Off topic:  The reason why the 11th dimension is there is because 20th-century notions like “the number of dimensions of spacetime” are not fundamental in string theory; they are approximations relevant to different solutions of the theory.  There are precisely six such solutions at large numbers of dimensions:  five different ten-dimensional theories with propagating strings, and one eleven-dimensional theory with membranes.  They are related in various ways, e.g. if you start with a membrane in 11 dimensions and squeeze one of your infinitely big spatial dimensions down to a circle, that two-dimensional membrane becomes ... a string!  Transformations of this sort allow you to show that all six of those purportedly-distinct theories are actually just different solutions to one underlying theory, “M-Theory,” which we don’t yet understand.  Hopefully there is another solution that has four dimensions and electrons and quarks!

    The warrants for the credibility of these claims have, alas, occasionally been in dispute, in ways that stray far afield from the purely epistemic.

    Posted by Sean Carroll  on  10/23  at  02:05 PM
  14. I’m pretty sure I would have said “Ed Witten,” not “Ed Whitten.” But I don’t always enunciate, admittedly.

    Grrrrrrr.  As a matter of fact, Sean, you were wheezing pretty severely at the time.  But all right, I will acknowledge the typo.  Dang these dang typos.  (Hey!  Now it’s an h bar!) And I forgot to tell fardels bear @ 4 that he only asked nine rhetorical questions, and this Expression Engine blog allows a maximum of twelve per comment.  But thanks, Sean, for the very helpful followup.  Especially your last graf, which should serve as a reminder of why sociology / history / philosophy of science is worth doing.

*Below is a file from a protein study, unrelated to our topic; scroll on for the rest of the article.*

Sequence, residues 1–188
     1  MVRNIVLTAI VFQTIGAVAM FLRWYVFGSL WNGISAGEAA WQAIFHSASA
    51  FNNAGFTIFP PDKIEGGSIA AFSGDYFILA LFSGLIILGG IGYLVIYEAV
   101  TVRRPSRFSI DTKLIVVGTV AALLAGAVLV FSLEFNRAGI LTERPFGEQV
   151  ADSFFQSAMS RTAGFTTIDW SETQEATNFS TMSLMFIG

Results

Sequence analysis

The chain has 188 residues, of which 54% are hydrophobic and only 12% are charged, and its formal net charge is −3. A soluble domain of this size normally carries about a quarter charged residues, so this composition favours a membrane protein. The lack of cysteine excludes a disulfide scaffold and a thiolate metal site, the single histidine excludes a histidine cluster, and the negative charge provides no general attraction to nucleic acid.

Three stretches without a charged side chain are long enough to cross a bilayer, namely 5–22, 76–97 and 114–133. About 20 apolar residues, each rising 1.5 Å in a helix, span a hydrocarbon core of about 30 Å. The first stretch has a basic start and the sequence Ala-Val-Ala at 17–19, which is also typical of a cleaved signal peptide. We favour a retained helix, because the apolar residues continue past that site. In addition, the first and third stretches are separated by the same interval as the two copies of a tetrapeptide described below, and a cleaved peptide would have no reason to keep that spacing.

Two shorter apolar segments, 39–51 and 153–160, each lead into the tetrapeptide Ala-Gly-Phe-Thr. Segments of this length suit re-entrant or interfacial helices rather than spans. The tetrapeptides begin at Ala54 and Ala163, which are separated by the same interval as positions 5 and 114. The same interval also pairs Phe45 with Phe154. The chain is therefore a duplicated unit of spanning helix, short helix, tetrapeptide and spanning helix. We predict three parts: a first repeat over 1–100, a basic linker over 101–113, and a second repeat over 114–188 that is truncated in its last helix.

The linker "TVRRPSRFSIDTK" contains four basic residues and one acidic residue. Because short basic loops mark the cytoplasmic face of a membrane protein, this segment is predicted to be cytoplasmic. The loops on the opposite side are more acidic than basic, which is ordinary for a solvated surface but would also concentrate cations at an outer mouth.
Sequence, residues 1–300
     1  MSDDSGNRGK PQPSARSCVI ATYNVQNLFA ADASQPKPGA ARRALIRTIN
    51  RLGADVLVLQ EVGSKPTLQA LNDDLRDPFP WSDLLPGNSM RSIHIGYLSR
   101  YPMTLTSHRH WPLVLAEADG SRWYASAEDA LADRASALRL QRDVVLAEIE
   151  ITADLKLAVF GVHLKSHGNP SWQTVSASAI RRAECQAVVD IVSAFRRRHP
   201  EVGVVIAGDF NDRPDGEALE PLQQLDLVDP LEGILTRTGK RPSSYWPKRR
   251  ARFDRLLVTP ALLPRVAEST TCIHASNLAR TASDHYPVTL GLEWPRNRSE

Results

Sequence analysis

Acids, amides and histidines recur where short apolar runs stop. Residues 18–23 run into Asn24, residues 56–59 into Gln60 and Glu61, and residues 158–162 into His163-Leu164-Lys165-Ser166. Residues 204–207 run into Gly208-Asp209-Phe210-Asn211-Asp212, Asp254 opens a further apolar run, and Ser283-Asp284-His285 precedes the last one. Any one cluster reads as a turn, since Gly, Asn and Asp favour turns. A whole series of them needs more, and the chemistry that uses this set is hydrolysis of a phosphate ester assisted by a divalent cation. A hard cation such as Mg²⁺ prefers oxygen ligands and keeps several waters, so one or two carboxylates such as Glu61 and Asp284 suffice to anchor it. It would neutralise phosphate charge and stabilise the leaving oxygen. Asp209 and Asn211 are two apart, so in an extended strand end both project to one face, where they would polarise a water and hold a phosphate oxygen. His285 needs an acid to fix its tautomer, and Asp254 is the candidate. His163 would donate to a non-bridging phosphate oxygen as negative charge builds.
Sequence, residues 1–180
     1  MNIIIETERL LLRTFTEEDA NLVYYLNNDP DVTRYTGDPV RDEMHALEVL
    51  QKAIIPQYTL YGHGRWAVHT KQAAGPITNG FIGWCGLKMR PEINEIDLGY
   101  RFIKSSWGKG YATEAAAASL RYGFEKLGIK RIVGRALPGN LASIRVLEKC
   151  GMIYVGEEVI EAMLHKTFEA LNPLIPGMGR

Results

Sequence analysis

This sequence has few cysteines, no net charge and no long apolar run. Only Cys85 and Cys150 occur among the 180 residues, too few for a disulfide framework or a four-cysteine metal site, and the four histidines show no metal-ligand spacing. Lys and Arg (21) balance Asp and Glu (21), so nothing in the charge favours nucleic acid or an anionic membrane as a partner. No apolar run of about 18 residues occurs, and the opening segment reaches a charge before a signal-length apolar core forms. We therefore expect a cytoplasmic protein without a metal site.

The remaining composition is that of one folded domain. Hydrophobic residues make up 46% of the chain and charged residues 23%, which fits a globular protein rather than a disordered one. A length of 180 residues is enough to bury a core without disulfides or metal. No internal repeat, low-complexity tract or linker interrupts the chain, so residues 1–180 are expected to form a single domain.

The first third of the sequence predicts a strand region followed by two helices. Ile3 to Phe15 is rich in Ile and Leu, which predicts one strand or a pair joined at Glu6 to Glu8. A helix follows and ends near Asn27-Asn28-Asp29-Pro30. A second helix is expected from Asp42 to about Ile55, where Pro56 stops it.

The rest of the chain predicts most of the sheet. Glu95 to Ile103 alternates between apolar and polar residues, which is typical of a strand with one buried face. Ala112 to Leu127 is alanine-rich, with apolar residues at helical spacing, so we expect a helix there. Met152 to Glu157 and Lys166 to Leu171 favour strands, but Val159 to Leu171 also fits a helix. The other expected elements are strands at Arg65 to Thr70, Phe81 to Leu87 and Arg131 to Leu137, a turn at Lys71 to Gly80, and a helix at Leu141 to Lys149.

And nashe, you didn’t sound too harsh—I thought your comment yesterday was really funny.  And that debate at Illinois was really something, wasn’t it?  Alan and I had an SRO crowd—in an auditorium with a seating capacity of 900.  (Mainly because of him, of course.) I am fond of remarking (as this very sentence will attest) that the only other time I’ve appeared in front of so many people, my college-era band was opening for the Ramones.

    And Chris:  thanks in return!  I admit I was wondering what you’d make of all this.

    Posted by  on  10/23  at  02:45 PM
  15. . . . Searle doesn’t even bother to try to answer the question of whether color is a brute fact or a social fact.

    And a good thing he doesn’t. ‘Cause it’s a mess (more or less independently of color names). While color is a function of wavelength it’s not related to wavelength in a direct way such that, if you know the wavelength entering the eye, you can look it up on a chart and see what color it corresponds to.

    Posted by  on  10/23  at  02:50 PM
  16. ”...the only other time I’ve appeared in front of so many people, my college-era band was opening for the Ramones.”

    How cool is that!  What year? (Not that I remember what year I saw them...)

    Posted by  on  10/23  at  03:21 PM
  17. Bill @15: not least because what enters the eye isn’t a “wavelength” but a signal which can be (is) analyzed into components at many wavelengths.  Unless someone is shooting a laser at you in the dark.

    Posted by Vance Maverick  on  10/23  at  03:35 PM
  18. Maladies—the whole sordid story is revealed here.

    And Bill—yep, it’s a good thing.  Sorry if my tone wasn’t clear on the first take.

    Posted by  on  10/23  at  03:40 PM
  19. Vance M: Yep.